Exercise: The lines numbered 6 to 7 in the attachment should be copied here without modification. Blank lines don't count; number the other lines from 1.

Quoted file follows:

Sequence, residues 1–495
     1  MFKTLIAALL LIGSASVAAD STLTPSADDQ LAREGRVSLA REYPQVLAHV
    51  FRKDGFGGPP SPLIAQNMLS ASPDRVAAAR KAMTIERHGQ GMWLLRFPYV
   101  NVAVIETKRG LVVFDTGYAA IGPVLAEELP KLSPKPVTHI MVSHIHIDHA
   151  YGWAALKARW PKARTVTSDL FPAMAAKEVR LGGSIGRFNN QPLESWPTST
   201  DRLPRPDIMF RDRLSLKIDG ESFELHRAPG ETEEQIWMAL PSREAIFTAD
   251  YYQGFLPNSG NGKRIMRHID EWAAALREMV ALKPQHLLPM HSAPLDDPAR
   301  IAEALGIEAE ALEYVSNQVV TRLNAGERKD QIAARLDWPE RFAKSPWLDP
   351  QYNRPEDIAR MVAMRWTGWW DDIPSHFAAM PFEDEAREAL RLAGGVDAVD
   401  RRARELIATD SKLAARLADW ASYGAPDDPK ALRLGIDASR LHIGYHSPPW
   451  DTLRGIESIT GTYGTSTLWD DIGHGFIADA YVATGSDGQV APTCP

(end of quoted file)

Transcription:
   201  DRLPRPDIMF RDRLSLKIDG ESFELHRAPG ETEEQIWMAL PSREAIFTAD
   251  YYQGFLPNSG NGKRIMRHID EWAAALREMV ALKPQHLLPM HSAPLDDPAR